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Different family members have different utility functions, but All family members consume the same bundle.

For example, consider a family $F$ that has to select a bundle of funiture ($x$) and electronic equipment ($y$). Each member $i\in F$ has a different utility function $u_i(x,y)$. The family has a budget $I$. How can the demand of the family be calculated?

I thought of several options:

  1. Calculate an aggregate utility function, e.g:

$$ u_F(x,y) = \min_{i\in F} u_i(x,y) $$

Then, calculate the demand in the usual way: select a bundle $(x_F,y_F)$ that maximizes the aggregate utility $u_F$ in the budget-set.

A problem with this method is that it requires to normalize the members' utility functions to the same scale.

  1. Calculate the optimal bundle of each family member separately: each member selects a bundle $(x_i,y_i)$ that maximizes his utility function $u_i$ given the family's income $I$. Then, calculate the family bundle as an average of the members' bundles:

$$(x_F,y_F) = \frac{1}{|F|}\sum_{i\in F} (x_i,y_i)$$ If the budget-set is convex, then this bundle is also in the budget set.

  1. Divide the family income $I$ among the family members, such that each member $i\in F$ receives an income $I/|F|$. Then, let each member select a bundle $(x_i',y_i')$ that maximizes his utility function $u_i$ in given his fraction of the income. Then, calculate the family bundle as a sum of the members' bundles:

$$(x_F,y_F) = \sum_{i\in F} (x_i',y_i')$$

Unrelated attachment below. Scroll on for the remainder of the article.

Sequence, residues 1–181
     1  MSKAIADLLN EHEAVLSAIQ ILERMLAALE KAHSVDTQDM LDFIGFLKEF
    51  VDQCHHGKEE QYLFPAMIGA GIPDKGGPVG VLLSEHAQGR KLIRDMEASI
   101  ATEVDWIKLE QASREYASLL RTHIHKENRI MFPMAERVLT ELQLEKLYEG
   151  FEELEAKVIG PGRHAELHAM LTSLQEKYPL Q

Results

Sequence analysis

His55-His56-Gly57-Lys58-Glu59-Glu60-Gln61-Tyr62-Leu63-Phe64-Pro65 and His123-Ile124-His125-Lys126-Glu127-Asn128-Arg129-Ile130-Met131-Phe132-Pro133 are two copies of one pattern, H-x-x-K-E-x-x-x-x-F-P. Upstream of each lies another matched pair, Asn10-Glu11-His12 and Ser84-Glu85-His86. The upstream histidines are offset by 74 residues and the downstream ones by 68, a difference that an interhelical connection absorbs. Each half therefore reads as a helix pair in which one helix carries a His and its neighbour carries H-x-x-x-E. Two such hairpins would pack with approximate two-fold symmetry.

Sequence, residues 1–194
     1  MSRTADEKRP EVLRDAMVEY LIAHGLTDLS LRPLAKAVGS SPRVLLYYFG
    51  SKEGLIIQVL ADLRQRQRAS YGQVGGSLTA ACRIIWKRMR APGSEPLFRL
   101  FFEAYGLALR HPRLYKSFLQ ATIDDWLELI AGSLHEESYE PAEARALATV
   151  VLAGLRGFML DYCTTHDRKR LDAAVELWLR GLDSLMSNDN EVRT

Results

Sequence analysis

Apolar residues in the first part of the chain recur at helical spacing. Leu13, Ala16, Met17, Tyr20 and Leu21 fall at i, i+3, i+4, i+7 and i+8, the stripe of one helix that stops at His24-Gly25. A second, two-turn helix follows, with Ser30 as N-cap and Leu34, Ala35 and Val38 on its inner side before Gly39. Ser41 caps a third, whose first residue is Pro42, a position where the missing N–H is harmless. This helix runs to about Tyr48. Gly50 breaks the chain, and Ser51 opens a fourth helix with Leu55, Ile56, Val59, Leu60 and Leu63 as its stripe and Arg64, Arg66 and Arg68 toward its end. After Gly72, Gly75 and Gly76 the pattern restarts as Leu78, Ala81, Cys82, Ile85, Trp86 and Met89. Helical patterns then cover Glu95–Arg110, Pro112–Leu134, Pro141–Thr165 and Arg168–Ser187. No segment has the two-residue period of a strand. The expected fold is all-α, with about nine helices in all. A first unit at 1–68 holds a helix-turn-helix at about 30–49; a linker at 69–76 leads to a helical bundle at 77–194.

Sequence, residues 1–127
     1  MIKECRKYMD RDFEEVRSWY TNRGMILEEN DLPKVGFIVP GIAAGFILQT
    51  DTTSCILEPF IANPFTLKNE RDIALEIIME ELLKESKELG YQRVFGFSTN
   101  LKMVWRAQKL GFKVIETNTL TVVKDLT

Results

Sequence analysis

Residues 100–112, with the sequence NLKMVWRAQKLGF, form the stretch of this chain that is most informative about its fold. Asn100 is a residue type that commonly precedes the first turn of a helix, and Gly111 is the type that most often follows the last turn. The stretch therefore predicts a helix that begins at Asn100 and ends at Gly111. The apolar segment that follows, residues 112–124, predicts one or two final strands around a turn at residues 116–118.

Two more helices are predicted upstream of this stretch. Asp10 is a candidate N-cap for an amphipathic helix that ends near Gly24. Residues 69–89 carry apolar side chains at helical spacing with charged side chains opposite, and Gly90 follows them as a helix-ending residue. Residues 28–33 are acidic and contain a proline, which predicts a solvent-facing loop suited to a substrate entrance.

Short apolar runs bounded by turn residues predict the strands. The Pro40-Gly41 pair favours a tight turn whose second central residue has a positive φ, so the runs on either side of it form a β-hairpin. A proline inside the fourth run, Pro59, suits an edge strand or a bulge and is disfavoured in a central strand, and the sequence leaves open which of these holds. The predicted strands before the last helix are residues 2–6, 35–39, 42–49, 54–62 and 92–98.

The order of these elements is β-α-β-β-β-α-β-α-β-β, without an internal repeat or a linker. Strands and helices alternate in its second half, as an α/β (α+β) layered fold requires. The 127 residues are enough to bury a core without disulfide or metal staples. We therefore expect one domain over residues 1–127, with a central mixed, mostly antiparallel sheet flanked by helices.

Each definition probably has different implications on results such as competitive equilibrium, welfare theorem, etc.

What is a good reference on this problem?

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  • $\begingroup$ I think you need to look up optimality conditions for "public goods". The exact solution would still depend on the decision making structure of the family (as @HRSE pointed out in his answer) but you could derive all the Pareto-optimal consumption bundles. $\endgroup$ – Giskard Nov 19 '15 at 10:16
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    $\begingroup$ This seems to be closely related to the literature on social choice theory, it one replaces family with society and family member with voter. $\endgroup$ – Ubiquitous Nov 19 '15 at 14:06
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    $\begingroup$ A Classic reference for this type of problem is the book "Economics of the Family" by Browning and Chiaporri. $\endgroup$ – ChinG Nov 19 '15 at 19:58
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I think any (and none) of your answers is correct. The market demand simply depends on how the family makes its purchasing decisions.

For example, suppose the matriarch $i$ decides on every purchase of the family and acts selfishly. Then obviously the utility function of the family is simply $u_i$.

Compare this with the case where the utility functions are cardinally comparable and the household is utilitarian. In this case, the family utility function is the sum of all utility functions.

More generally speaking, if purchase decisions are made via some game, then you have to solve the game first in order to obtain the demand functions. But whether a utility representation exists for the family utility and what it would look like crucially depends on the game structure.

One special case which has been discussed in the literature is the case where the household income is somehow distributed among family members and each family member spends separately. There then exists a class of utility functions for which the family expenditure will be independent of the distribution of income among the family members. For details, see https://en.wikipedia.org/wiki/Gorman_polar_form

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